Purpose: Macular telangiectasia is associated with neurodegenerative changes including focal outer retinal atrophy and a loss of macular pigment (MP). We aimed to investigate whether an association between spectral domain optical coherence tomography neurodegenerative signs and MP abnormalities can be detected.
Methods: Forty-seven eyes of 27 macular telangiectasia Type 2 patients (mean age 66.7 years, range 50-82 years, 12 male) were investigated. An MP pattern was recorded using a dual-wavelength autofluorescence method and classified according to severity (I-III). Outer plexiform, inner nuclear, and photoreceptor layer thickness values were measured in Spectralis spectral domain optical coherence tomography scans. Thickness values were compared with those of a control group of 14 healthy age-matched eyes.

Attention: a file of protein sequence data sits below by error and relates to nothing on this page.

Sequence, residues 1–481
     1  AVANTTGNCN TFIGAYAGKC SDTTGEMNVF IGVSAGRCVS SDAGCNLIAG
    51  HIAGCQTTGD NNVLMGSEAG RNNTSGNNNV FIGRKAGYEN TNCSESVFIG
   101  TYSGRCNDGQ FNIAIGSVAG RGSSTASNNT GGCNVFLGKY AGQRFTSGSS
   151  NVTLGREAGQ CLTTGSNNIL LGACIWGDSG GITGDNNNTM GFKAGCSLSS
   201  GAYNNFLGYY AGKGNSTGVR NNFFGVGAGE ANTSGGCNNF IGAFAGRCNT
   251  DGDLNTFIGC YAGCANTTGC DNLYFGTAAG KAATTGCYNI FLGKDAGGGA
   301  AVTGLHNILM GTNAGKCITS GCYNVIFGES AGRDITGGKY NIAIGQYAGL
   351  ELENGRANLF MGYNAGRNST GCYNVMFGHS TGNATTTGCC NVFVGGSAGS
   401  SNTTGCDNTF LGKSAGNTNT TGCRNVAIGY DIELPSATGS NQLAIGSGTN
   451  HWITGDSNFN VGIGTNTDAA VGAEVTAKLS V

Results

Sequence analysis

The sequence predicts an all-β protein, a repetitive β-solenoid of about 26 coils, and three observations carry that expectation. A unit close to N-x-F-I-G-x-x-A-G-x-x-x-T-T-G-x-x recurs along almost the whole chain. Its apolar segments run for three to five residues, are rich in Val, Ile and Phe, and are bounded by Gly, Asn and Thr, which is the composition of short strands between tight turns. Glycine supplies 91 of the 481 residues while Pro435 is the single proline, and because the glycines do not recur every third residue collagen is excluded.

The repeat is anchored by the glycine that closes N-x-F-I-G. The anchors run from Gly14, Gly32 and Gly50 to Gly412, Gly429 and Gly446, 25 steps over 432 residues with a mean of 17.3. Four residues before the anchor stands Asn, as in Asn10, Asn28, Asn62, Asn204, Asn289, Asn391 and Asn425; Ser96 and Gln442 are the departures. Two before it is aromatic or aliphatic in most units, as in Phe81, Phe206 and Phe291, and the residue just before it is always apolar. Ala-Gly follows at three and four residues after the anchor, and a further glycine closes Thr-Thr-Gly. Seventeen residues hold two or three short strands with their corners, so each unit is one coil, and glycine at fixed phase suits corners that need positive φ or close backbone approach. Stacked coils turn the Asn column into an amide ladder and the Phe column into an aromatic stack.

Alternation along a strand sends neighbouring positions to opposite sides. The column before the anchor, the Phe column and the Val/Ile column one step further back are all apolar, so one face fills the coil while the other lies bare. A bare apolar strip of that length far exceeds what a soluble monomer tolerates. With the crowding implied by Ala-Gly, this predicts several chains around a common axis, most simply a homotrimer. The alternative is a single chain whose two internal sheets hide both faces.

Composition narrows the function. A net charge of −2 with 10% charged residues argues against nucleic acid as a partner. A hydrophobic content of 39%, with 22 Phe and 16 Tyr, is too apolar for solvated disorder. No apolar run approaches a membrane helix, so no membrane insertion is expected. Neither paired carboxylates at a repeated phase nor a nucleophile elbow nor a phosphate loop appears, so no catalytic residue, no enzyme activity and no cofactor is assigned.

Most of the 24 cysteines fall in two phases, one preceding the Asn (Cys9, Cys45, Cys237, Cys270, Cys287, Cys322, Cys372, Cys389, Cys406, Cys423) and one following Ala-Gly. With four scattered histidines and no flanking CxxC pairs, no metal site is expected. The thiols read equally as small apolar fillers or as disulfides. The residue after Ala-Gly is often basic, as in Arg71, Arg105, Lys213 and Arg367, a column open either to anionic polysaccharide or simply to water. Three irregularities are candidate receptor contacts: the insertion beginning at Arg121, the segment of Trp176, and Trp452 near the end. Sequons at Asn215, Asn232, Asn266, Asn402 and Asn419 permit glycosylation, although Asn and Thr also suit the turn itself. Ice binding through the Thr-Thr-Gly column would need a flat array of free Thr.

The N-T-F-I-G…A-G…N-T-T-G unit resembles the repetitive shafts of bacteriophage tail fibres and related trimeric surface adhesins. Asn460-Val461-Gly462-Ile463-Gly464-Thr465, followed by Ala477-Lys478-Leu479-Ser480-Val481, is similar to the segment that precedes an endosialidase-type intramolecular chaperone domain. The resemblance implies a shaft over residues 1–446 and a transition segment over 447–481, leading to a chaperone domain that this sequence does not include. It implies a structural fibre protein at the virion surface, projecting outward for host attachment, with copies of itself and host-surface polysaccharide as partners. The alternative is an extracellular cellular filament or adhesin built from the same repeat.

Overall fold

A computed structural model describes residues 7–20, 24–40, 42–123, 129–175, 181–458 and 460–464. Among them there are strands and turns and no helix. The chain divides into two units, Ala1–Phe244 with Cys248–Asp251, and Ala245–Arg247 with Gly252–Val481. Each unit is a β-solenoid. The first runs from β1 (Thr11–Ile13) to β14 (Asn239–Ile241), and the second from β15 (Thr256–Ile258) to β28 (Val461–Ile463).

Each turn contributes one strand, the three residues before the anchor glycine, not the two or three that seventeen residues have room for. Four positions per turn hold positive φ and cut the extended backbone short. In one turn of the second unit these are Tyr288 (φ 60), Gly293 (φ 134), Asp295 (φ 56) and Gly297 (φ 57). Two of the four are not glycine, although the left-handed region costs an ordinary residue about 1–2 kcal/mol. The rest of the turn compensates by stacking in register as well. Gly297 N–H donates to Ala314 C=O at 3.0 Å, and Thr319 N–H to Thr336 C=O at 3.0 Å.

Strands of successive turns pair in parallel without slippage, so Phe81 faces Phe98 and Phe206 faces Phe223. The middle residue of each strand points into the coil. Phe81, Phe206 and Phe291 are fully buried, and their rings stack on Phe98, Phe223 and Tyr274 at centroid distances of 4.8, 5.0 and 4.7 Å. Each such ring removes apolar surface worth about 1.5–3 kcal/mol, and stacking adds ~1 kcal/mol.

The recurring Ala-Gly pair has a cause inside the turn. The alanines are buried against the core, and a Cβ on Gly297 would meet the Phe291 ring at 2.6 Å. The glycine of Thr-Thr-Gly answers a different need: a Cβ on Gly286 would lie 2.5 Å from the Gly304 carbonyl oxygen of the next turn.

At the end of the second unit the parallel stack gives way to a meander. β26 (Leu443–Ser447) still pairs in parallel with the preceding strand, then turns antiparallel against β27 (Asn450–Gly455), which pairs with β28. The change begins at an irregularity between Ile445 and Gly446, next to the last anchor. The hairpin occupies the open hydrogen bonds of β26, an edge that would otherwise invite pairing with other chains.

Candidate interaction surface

Results: Macular pigment redistribution was found to be Class I in 11 eyes, Class II in 28 eyes, and Class III in 8 eyes. More advanced stages of MP loss were associated with a greater, statistically significant thinning of the outer plexiform and inner nuclear layer complex and photoreceptor layers (P ≤ 0.001). Lower absolute levels of MP were also associated with a thinning of the photoreceptor layer. Thinning was restricted to within the parafovea, more severe at temporal eccentricities.
Conclusion: Our findings support the hypothesis that in macular telangiectasia Type 2 cellular degenerative processes leading to a thinning of these layers also result in reduction and redistribution of MP.